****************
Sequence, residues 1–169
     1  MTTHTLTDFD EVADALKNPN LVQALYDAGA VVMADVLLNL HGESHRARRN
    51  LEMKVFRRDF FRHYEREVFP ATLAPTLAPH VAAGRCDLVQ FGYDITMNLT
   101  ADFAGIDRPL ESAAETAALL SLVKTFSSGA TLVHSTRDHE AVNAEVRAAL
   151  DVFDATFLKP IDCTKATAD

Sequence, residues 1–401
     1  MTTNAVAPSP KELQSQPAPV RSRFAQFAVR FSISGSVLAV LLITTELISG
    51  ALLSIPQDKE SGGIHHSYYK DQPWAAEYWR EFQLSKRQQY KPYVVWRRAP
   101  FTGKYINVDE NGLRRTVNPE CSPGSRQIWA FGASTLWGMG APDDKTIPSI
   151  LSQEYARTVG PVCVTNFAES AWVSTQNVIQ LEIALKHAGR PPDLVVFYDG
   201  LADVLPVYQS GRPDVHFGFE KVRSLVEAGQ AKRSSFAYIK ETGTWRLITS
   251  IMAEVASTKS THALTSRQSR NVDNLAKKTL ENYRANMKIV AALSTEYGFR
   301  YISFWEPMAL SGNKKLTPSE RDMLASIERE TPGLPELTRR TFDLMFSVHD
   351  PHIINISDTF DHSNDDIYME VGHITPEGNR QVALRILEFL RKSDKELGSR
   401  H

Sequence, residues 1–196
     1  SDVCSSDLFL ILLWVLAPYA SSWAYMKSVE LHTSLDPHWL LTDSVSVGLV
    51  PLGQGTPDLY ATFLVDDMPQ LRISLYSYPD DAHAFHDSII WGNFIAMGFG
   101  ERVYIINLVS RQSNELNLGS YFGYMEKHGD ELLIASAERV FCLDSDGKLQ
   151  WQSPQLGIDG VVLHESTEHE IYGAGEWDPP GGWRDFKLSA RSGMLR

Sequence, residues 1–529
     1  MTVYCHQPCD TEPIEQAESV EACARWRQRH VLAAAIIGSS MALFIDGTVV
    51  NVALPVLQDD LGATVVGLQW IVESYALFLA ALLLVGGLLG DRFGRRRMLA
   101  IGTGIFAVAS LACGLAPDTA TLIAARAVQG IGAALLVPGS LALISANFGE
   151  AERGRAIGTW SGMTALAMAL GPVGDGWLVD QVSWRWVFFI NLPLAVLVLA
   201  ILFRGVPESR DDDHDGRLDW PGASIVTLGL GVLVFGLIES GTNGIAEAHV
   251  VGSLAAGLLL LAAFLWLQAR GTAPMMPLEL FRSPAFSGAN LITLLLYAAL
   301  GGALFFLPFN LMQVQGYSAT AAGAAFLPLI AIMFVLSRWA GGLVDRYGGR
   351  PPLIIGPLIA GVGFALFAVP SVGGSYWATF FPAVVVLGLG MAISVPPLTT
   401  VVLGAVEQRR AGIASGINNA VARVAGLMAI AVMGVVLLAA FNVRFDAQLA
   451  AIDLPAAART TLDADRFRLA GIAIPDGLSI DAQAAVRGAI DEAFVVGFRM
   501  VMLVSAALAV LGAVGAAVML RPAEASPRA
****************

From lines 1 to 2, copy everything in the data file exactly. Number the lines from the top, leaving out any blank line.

Sequence, residues 1–169
     1  MTTHTLTDFD EVADALKNPN LVQALYDAGA VVMADVLLNL HGESHRARRN